While battery expert Dean MacNeil, a senior research officer and team leader at the National Research Council of Canada, says there is reason for concern, he also downplayed the potential risks associated with this specific recall.
“This is just a piece that failed mechanically and it happens to be in an electric vehicle. The fires from batteries are rare,” MacNeil says.
He says this recall is not related to the main, high-voltage EV battery. This is an important point because the high-voltage battery contains a lot of the energy in the vehicle and presents different challenges for extinguishing a fire. Most of the time, high-voltage battery packs for PHEVs are located under the rear seats or cargo area; while the 12-volt charger, which this recall is related to, is typically in the front.
The high-voltage battery delivers power to the electric motors, while the 12-volt battery, which is also found in gas-powered vehicles, powers electrical devices such as the climate-control system and the power door locks and windows.
They are physically isolated with good separation. But “you should heed the recommendations of manufacturers,” he advises.
According to data collected from Toronto Fire Services, from January 2022 to November 2023, there were 355 vehicle fires. Only two were in electric vehicles.
Toronto’s deputy fire chief Larry Cocco doesn’t see a problem with electric vehicle fires in Toronto at this time. “I’m not saying that they don’t catch fire, but we’re not seeing an increased trend in car fires.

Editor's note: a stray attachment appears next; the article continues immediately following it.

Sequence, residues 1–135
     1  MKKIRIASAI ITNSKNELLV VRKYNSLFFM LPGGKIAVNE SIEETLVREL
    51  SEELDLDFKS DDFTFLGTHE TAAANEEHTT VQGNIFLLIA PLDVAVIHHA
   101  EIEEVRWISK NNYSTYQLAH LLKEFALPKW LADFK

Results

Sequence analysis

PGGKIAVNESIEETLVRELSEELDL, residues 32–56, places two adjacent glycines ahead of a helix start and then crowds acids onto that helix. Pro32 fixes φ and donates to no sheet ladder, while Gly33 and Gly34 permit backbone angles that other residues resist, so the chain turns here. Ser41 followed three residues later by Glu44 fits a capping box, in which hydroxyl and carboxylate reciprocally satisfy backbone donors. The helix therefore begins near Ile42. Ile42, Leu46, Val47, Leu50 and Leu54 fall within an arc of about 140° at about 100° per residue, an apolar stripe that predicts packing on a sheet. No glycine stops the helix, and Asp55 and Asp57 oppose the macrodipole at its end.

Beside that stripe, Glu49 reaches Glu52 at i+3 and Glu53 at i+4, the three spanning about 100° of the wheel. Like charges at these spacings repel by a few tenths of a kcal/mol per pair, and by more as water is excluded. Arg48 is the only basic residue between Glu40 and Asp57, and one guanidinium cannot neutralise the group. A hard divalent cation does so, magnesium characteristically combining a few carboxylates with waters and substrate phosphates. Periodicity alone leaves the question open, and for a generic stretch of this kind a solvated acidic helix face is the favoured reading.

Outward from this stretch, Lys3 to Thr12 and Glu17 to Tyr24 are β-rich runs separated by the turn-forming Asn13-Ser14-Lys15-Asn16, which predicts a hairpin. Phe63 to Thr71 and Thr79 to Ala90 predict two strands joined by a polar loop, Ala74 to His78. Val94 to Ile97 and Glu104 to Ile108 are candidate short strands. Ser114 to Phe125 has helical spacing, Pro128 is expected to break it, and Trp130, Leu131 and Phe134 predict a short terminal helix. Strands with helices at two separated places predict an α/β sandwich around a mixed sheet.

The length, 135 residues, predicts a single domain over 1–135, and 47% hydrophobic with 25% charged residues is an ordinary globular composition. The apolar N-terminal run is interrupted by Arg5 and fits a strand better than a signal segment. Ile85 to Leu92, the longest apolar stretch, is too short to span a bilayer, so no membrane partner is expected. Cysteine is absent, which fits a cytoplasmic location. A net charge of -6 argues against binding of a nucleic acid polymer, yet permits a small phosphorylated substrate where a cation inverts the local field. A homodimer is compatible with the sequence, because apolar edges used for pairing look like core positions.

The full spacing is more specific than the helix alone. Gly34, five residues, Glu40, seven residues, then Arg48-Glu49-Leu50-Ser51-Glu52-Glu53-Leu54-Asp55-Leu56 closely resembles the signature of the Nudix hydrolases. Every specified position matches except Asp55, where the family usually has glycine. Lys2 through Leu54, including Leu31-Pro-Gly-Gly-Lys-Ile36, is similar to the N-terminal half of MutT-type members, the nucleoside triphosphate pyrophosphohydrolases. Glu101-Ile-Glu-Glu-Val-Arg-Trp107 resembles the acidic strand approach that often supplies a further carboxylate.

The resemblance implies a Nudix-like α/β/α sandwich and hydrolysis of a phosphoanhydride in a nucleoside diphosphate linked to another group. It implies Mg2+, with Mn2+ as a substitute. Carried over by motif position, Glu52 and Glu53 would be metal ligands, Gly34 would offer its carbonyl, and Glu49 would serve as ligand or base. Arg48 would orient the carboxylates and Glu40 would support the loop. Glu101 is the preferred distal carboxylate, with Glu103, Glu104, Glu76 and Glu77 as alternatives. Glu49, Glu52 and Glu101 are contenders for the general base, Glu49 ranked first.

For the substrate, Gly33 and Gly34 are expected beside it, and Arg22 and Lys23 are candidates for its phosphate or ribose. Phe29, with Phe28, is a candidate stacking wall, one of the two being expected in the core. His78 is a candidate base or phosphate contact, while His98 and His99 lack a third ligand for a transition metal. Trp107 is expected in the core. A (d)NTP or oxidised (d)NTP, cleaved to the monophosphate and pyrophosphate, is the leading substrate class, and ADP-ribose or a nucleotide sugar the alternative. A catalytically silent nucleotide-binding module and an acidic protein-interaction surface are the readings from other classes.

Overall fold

“I wouldn’t say electric vehicles are dangerous. They present different challenges when a fire occurs,” he says. That’s because of the batteries. If they’re damaged, punctured or ruptured, there’s a high risk of what he calls a “thermal runaway effect.”
“If there’s a bit of damage from a collision and the battery is damaged, there’s a risk that there could be a fire hours or even days later,” he warns. And because lithium-ion batteries are usually contained in a box, the design presents different challenges for first responders to put water on the cells to cool them.
Cocco says where fire departments across North America are seeing a rise in fires is in micro-mobility devices, such as e-scooters and e-bikes. In Toronto alone, there were more than 50 fires with lithium-ion batteries in 2023; all were in micro-mobility devices.
One such notable fire occurred last Sunday when fire engulfed a Toronto subway train after what Toronto Fire says was a failure of a lithium-ion battery pack used in an electric bike.
“The battery failed and went into what is known as ‘thermal runaway,’ and shortly thereafter, ignited, resulting in an intense and aggressive fire,” Toronto Fire Chief Matthew Pegg told reporters.
Cocco, while not discussing the recent subway fire, attributes most of these fires to owners who alter their device, add more horsepower, use uncertified batteries, use different chargers, or overcharge the battery.
As for Pease, he hopes this repair next week will fix the battery issue and he’ll be able to charge again as temperatures dip.